Walking down the produce aisle of any supermarket, the apple section is always one of the first to jump out at us. The bright red color of a Red Delicious, the shiny gloss of a Gala, or the glowing greenness of a Granny Smith is recognizable to almost any child. What many children don´t know is that there are thousands of other varieties of apples that never make it onto the grocery store shelves.
It´s ironic, really, that the candy aisle or the junk food section of our local grocery store contains more diversity than the apple section, and it´s unfortunate that many children have no idea of the richness of diversity that Mother Nature yields. The most common varieties that we consider “supermarket” apples have been chosen by the food industry because of their ability to ship well and stay fresh from the tree until they´re eventually rung up at the cash register. Though these characteristics may be important on some level, the food industry has effectively decided what characteristics define an apple. The fact that the vast majority of us will never have tasted the sweetness of a Black Oxford apple or bitten into the red streaks of a Wolf River apple is regrettable.
The apple, which is said to have originated somewhere in Central Asia thousands of years ago, spread around the world and in each place a seed fell into the ground, different varieties that acclimated to the specific climacteric and environmental conditions came into being. Today, there are over 7,000 known varieties of apples. If we were to follow the ancestral advice of “an apple a day keeps the doctor away,” it would take us more than two decades to try every apple variety.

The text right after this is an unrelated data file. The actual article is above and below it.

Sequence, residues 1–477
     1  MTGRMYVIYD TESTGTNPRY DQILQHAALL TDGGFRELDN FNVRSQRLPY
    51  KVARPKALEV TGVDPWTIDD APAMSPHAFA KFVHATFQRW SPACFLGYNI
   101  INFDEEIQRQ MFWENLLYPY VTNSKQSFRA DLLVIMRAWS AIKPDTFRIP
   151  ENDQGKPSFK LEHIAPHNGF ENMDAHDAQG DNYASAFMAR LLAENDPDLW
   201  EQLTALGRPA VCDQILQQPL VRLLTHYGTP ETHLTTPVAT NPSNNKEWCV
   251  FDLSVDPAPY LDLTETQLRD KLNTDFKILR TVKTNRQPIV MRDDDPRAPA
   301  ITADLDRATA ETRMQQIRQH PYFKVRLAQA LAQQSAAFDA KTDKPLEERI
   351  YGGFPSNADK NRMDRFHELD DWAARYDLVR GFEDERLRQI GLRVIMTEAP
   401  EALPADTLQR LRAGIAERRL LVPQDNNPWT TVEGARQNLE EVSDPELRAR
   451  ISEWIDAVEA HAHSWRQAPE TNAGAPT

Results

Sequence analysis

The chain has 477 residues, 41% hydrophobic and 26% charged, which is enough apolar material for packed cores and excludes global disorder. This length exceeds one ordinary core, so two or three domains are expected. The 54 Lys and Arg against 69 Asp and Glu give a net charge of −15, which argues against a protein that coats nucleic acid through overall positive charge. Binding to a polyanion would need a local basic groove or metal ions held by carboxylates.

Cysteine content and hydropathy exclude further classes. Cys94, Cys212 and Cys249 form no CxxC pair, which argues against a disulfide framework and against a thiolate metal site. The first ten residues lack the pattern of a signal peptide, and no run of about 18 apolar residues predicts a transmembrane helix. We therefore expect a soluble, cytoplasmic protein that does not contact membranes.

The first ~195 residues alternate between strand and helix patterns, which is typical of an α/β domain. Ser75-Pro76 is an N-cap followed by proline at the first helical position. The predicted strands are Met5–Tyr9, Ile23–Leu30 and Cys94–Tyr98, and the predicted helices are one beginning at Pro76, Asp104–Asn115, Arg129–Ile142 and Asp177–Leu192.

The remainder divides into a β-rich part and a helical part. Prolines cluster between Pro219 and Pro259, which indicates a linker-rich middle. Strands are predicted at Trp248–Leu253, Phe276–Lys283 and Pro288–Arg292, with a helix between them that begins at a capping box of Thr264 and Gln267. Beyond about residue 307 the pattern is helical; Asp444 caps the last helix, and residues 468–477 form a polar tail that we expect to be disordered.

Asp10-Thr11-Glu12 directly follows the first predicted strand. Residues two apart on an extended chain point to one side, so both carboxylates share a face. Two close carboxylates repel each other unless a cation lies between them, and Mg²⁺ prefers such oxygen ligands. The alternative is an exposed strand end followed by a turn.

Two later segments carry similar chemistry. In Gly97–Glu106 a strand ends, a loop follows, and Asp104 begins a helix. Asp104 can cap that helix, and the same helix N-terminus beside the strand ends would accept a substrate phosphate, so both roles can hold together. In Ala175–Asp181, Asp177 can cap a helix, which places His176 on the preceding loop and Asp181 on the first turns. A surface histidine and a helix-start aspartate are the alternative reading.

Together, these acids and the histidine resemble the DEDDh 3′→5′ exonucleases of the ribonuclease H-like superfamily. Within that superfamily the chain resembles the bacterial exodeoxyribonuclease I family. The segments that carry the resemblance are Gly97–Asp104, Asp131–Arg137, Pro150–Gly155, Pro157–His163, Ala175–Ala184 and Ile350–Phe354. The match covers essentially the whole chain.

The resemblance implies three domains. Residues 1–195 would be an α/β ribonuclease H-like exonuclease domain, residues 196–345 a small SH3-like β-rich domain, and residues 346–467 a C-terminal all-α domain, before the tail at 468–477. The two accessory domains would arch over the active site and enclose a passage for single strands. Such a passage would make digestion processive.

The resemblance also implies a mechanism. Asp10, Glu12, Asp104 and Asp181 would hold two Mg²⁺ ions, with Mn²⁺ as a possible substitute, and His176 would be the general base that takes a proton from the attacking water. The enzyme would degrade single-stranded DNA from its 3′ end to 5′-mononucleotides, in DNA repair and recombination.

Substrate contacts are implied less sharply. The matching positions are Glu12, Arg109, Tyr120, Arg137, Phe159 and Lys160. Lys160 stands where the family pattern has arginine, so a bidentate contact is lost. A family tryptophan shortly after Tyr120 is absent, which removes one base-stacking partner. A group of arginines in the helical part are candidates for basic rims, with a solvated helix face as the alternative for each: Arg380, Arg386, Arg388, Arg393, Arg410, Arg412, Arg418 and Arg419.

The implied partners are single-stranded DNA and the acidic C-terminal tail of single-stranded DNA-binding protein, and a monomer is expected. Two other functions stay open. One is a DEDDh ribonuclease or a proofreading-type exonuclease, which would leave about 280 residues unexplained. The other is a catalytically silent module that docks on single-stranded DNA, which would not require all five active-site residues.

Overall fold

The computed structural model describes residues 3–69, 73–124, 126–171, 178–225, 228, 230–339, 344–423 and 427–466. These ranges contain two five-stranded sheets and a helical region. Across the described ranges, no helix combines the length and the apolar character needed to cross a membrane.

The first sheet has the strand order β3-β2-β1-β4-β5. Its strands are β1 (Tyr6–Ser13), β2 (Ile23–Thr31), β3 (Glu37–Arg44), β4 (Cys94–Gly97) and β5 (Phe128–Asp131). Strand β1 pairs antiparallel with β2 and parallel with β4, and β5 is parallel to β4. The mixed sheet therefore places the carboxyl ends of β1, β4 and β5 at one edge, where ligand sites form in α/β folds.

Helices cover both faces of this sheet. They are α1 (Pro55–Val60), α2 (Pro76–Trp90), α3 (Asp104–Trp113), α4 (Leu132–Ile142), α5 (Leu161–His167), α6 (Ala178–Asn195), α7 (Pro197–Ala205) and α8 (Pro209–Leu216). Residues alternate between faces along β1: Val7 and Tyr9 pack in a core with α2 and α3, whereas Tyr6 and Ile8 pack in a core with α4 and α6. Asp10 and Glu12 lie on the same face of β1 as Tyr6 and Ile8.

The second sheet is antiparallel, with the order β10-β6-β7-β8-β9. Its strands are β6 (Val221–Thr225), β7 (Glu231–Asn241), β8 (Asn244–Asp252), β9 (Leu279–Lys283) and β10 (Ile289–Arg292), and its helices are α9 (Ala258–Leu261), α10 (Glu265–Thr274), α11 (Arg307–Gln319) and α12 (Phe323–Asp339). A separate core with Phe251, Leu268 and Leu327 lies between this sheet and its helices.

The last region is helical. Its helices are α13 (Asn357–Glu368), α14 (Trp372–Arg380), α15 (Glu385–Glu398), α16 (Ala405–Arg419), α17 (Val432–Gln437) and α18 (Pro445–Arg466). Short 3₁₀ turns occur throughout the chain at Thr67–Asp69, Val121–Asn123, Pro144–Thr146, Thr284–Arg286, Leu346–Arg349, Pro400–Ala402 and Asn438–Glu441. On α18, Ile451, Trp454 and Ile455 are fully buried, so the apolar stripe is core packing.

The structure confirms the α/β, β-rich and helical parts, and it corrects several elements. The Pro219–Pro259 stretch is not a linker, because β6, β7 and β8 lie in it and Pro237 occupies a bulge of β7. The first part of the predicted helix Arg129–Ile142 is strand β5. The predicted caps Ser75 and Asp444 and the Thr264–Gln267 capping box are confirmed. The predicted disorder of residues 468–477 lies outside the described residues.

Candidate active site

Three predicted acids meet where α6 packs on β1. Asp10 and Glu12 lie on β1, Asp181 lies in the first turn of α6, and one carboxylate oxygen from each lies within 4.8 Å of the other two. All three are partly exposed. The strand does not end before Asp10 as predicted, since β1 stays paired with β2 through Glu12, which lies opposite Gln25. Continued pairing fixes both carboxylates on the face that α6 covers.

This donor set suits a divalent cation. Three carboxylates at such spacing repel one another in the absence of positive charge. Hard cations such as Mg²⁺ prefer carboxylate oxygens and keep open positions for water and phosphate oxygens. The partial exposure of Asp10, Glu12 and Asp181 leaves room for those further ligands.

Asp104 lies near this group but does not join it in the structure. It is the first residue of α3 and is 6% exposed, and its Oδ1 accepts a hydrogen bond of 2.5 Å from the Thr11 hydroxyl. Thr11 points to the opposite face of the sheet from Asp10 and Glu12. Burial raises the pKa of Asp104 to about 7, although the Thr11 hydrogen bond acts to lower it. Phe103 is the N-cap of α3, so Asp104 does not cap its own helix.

Some of these thousands of apples are great for fresh eating and the variety of flavors will put the Gala, Granny Smith, and Red Delicious to shame. Others are best used as dessert apples while others still are only suitable for making cider. But where does this astonishing diversity come from?
Apples are like humans, in the sense that each seed comes with its own unique genetic code. If you were to take a seed from the biggest and sweetest Gala apple you found at the grocery store, planted it into the ground, watered it and waited a decade or so, you might be disappointed to find the first fruits of your apple tree to be shriveled up, tiny, green apples that are so sour that they´re almost inedible.
Apple seeds contain the “mother gene” from the tree they´re growing on and also the mysterious “father gene” brought to the open flower bud as pollen carried by the feet of bees or some other insect. The only way to maintain the genetic characteristics of an apple variety we like is through grafting or cloning a part of that tree onto a different rootstock. That ability to maintain the varieties we like has allowed us to stock our grocery shelves with McIntoshs and Granny Smiths, but it has also blinded us to the richness of diversity that Nature can provide.